Thinking About: Philip Whalen

This weekend I had an unusual–and poignant–experience: the chance to talk at length about poet Phil Whalen with two people who knew him very well. David Schneider is the author of STREET SAINT–the astute biography of Isaan Dorsey, who ran a Zen Center/AIDS hospice on Castro Street. Now Schneider is focused on Whalen, who although of superstar status in the group I knew around him is one of the lesser known Beats.
Actually Whalen didn’t really consider himself a Beat, despite knowing Kerouac and being close to Ginsberg. Really he was part of the San Francisco Poetry Renaissance–and his influences were intimate ones–he roomed with Gary Snyder and Lou Welsch at Reed.
David Schneider was visiting from Germany, and researching Phil’s handful of years in Santa Fe–essentially “lost” years or years of exile from San Francisco. He came here with his Zen teacher, Richard Baker-roshi, both in show of loyalty and to finish his training. Miriam Bobkoff, who knew Phil both at San Francisco Zen Center and here in Santa Fe, joined in the discussion, coming from the Pacific Northwest.
Phil was endlessly witty, amusing, opinionated, crabby, erudite…and endlessly in need of cosseting, feeding, driving, and amusement. Robert Winson and I were just caretakers in the midst of a long line of many. I was shocked, though, to realize that when I met him in 1984 in Santa Fe Phil was only 60, just four years older than I am now.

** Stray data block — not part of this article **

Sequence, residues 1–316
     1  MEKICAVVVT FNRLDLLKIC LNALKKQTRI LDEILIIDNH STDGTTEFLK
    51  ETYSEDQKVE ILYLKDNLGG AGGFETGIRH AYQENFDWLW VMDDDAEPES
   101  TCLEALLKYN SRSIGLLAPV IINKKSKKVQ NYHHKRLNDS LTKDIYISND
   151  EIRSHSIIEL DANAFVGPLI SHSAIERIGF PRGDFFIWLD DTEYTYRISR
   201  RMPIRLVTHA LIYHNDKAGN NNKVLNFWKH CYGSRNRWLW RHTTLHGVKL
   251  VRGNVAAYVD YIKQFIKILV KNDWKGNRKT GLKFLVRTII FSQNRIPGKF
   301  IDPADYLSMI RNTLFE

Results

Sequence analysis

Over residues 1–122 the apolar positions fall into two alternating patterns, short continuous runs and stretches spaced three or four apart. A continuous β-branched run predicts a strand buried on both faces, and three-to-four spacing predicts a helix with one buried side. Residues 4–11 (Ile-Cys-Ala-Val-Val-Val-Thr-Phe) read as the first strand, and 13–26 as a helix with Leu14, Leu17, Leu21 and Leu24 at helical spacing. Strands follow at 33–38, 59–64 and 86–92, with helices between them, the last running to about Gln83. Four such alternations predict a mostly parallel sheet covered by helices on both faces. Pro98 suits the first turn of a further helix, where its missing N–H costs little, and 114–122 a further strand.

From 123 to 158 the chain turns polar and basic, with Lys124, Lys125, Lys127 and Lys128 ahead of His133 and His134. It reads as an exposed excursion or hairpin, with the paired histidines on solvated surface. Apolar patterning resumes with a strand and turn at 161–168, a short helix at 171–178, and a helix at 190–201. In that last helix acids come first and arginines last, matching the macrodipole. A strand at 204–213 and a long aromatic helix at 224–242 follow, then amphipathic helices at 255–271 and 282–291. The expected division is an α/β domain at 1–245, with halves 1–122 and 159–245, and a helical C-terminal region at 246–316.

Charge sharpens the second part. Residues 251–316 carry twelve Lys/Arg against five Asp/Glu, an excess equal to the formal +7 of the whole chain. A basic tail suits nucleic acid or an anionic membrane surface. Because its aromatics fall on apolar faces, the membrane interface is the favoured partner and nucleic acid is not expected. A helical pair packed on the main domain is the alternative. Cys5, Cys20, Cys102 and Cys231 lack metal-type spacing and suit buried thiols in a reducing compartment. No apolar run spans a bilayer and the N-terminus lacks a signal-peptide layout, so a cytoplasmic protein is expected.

It can be difficult to say how well we really know another human being. And I wouldn’t say I knew Phil–I admired him, served him, and feared him a little. Our relationship was always a triangle, with Robert as the apex.
Miriam B, David, and I sat for several hours in my living room, drinking tea and then wine and beer. It was freezing out, the snow unmelted, adding to the enclosed feeling of the scene. David did a hilarious imitation of Phil doing an imitation of a Russian sailor talking about potatoes. Everyone who knew Phil has dozens of stories about him–but who was he?
Apparently he once said at Naropa that he regretted giving up poetry (presumably for the practice of Zen). I always wondered about this–because Santa Fe seemed o be the place he stopped writing anything but off the cuff ephemera, charming but insubstantial. Did he give up poetry–or as is the way of the fickle Muse towards the middle-aged–did poetry quit him? What about the relationship of Zen to writing–a relationship which talks out of both sides of its mouth? On the one hand, Zen roshis may insist their students give up art. On the other hand, artists from John Cage to Allen Ginsberg claim the formidable influence of Buddhism.
I’m glad I have no professional relationship to Buddhism. To my shock I’ve been anthologized as a Buddhist poet–but frankly the poets of the 20th and 21st century claim everything from lesbian feminism to ecology as the basis of their work. We live in a culture–something even writers seem not to notice–a culture we breath like invisible oxygen but a set of norms nonetheless. So the poet’s viewpoint we attribute to Zen might as easily come from the new physics or even the pursuit of art itself.
I have no answer about the compatibility of Zen practice and writing–because the question doesn’t present any dilemma for me. But I suspect it did for Phil Whalen. However, despite that, and despite his complex personality, it is rare to hear someone’s memory spoken of with as much affection as his is.

For a sample chapter from the forthcoming biography, go to

4 thoughts on “Thinking About: Philip Whalen

  1. Re. the compatibility of Zen practice and writing, I would have to say that they are extremely compatible and complementary. I have trouble with mutual exclusivity, in general, which tends to be too narrow for my liking. Whenever someone tells me their writing, creativity, what-have-you, is suffering because of an external influence, I do not buy it. They are mere excuses and stem from a failure to look within to deal with the internal struggle that may be taking place within the individual.

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